• Naheed Fareed, youngest woman parliamentarian and most recent Chair of the Parliamentary Commission on Human Rights, Civil Society, and Women’s Rights
    • Maria Basheer, first woman prosecutor in Afghanistan
    • Fawzia Koofi, member of Afghan delegation to Doha peace talks
Niger_Malian-refugee-sisters
Niger_Malian refugee sisters. Credit: Louise-Donovan

MLD Area chair, Hannah Riley Bowles, who also serves as Co-Director of the Women and Public Policy Program at HKS, commended Rangita’s HKS appointment, stating: “We are honored and delighted that HKS will continue to benefit from Rangita’s intellectual energy and role model. In addition to her scholarship on gender in international law, Rangita brings direct experience working with governments and international institutions to bring a gender lens to peace and security.”

Martha Minow, the 300th Anniversary University Professor at Harvard University and former Dean of Harvard Law School, recently said of Rangita, “I know of no one with more expertise, tenacity, and devotion when it comes to advancing women’s rights . . . Rangita would be a stellar contributor to the efforts to protect against gender-based violence and to make human rights meaningful regardless of an individual’s gender.”

MLD-236 with Rangita de Silva de Alwis be offered at Harvard Kennedy School in the fall semester. This course makes an excellent complement to the following other AY23 HKS courses:

If you have any questions about this course, or any other in the MLD curriculum, email Greg Dorchak, MLD Area Administrator.

About feature photo above: Sohaila Noori, 29, owner of a sewing workshop, poses at her workshop in Kabul, Afghanistan January 15, 2022.
Source: REUTERS/Ali Khara  (https://www.reuters.com/world/asia-pacific/afghan-women-losing-jobs-fast-economy-shrinks-rights-curtailed-2022-01-20/ )

Congratulations to Jennifer Lerner and Hannah Riley Bowles

The Deans of the Harvard Kennedy School recently announced two honorary title designations for MLD Area faculty members. Warm congratulations to our two colleagues!

Jennifer S. Lerner will become the Thornton F. Bradshaw Professor in Public Management at Harvard Kennedy School.

The chair is named in honor of Thornton F. Bradshaw, president of the Atlantic-Richfield Company, chairman of RCA, the MacArthur Foundation and the Aspen Institute. A graduate of Harvard University, Bradshaw served the university in various capacities, including as a member of the Board of Overseers and member of the visiting committee for Harvard Kennedy School. Jenn Lerner is a social psychologist known for her research on emotion, judgment and decision making. She is the co-founder of the Harvard Decision Science Laboratory, chairs the Leadership Decision Making executive education program at Harvard Kennedy School and serves as the first chief decision scientist of the United States Navy. She helped develop a framework to predict the effects of emotions on judgment and choice, such as the perceptions of risk, economic decisions, and attributions of responsibility. She is the author of numerous academic articles and her work has also been featured in major news outlets. Jenn teaches courses on decision making, leadership and social psychology at the Harvard Kennedy School.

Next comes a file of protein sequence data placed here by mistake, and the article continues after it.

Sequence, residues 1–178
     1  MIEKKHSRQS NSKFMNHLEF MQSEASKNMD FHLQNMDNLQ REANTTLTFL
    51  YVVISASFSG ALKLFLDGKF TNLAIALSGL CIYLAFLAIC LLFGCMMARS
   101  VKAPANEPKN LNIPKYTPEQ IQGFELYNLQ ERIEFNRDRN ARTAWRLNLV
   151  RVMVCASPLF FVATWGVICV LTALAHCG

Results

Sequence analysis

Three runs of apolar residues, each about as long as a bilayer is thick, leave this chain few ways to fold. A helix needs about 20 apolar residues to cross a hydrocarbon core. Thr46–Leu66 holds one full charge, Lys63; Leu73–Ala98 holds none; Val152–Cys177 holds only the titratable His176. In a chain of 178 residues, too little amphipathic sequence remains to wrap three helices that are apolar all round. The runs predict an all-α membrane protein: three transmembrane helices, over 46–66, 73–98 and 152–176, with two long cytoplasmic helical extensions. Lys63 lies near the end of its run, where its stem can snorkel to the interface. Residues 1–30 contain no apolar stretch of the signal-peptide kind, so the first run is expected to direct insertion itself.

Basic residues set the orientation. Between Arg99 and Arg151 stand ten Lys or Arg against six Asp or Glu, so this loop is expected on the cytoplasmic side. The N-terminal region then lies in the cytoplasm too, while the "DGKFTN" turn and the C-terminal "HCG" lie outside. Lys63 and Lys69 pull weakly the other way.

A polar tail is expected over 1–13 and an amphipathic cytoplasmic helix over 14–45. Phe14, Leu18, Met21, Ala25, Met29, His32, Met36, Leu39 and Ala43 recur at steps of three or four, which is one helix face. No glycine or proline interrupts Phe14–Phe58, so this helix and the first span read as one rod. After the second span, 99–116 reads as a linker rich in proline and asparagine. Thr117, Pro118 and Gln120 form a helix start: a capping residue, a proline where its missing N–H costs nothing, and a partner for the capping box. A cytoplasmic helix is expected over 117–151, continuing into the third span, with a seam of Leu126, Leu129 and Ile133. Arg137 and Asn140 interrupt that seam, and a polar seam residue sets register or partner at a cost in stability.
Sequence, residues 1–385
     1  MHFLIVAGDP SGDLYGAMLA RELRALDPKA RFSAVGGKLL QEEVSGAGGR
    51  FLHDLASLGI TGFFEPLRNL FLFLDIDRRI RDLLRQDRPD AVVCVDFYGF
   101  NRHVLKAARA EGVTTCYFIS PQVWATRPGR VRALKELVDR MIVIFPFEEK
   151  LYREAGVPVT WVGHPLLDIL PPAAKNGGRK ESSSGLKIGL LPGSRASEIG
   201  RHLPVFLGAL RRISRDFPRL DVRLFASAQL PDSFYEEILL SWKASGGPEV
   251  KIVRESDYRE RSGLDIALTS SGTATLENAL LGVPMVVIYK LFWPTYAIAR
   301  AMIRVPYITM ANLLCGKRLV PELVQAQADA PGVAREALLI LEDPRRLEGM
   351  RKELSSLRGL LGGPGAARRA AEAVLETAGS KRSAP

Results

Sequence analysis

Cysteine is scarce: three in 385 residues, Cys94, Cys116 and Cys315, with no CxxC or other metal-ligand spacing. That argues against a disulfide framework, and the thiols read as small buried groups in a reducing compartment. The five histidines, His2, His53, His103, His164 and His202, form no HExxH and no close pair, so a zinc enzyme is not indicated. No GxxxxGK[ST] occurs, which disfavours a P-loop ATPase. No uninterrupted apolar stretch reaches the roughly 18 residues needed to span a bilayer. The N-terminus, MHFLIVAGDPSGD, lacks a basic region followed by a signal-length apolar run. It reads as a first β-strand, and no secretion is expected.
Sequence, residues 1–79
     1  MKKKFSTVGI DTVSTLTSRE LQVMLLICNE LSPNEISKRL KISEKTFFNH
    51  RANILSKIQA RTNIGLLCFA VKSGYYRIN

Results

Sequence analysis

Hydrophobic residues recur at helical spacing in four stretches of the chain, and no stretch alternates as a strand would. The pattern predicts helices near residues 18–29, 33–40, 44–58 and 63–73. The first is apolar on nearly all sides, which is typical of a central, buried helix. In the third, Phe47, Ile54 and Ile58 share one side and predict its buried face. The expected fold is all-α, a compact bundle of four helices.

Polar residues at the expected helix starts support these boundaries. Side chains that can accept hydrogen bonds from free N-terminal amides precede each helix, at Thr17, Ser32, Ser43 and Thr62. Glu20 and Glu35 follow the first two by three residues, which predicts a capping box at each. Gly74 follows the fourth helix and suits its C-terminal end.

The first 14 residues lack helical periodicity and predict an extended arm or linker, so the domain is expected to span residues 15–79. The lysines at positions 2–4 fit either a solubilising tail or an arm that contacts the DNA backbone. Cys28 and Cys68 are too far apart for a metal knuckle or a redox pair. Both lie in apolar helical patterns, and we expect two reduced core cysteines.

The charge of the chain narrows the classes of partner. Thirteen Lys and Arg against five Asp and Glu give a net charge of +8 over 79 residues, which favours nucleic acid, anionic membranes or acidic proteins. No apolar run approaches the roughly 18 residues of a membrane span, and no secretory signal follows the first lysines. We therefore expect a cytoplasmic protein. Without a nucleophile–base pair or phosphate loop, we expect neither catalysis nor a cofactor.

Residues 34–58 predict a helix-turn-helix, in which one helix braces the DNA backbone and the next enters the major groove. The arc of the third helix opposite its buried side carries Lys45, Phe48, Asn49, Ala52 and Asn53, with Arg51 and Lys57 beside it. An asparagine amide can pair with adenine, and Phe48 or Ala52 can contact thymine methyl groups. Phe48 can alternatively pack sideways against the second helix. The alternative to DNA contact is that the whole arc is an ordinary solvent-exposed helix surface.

Hannah Riley Bowles will become the Roy E. Larsen Senior Lecturer in Public Policy and Management at Harvard Kennedy School.

This chair is named in honor of Roy E. Larsen, the long-time publisher of Time, Inc. A graduate of Harvard University, Larsen served his alma mater as a member of the Board of Overseers, and as a benefactor of Harvard Kennedy School and the Harvard Graduate School of Education, among other leadership roles at the university. Hannah Riley Bowles, an organizational behavior scholar, is known for research on women’s leadership and the role of gender in negotiation. She serves as area chair of Management, Leadership and Decision Sciences, co-directs the Women and Public Policy Program and chairs the Women and Power executive education program at Harvard Kennedy School. Her work focuses on negotiation as a micro-mechanism of inequality and women’s leadership advancement, examining both situational barriers and individual strategies. She is the author of numerous academic articles and her work has also been featured in major news outlets. Hannah teaches courses on management, leadership, negotiation and gender at HKS.